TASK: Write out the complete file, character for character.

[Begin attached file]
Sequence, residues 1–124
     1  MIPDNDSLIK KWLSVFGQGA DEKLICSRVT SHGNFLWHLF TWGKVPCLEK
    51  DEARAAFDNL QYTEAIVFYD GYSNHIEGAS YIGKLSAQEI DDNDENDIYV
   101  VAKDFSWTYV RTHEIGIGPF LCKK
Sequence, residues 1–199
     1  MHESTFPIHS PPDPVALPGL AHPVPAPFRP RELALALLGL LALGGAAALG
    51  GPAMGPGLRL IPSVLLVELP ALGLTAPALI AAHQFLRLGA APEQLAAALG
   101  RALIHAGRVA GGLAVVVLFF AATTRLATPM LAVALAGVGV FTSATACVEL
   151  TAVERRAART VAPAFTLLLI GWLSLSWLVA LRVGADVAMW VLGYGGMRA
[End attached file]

Sequence, residues 1–124
     1  MIPDNDSLIK KWLSVFGQGA DEKLICSRVT SHGNFLWHLF TWGKVPCLEK
    51  DEARAAFDNL QYTEAIVFYD GYSNHIEGAS YIGKLSAQEI DDNDENDIYV
   101  VAKDFSWTYV RTHEIGIGPF LCKK
Sequence, residues 1–199
     1  MHESTFPIHS PPDPVALPGL AHPVPAPFRP RELALALLGL LALGGAAALG
    51  GPAMGPGLRL IPSVLLVELP ALGLTAPALI AAHQFLRLGA APEQLAAALG
   101  RALIHAGRVA GGLAVVVLFF AATTRLATPM LAVALAGVGV FTSATACVEL
   151  TAVERRAART VAPAFTLLLI GWLSLSWLVA LRVGADVAMW VLGYGGMRA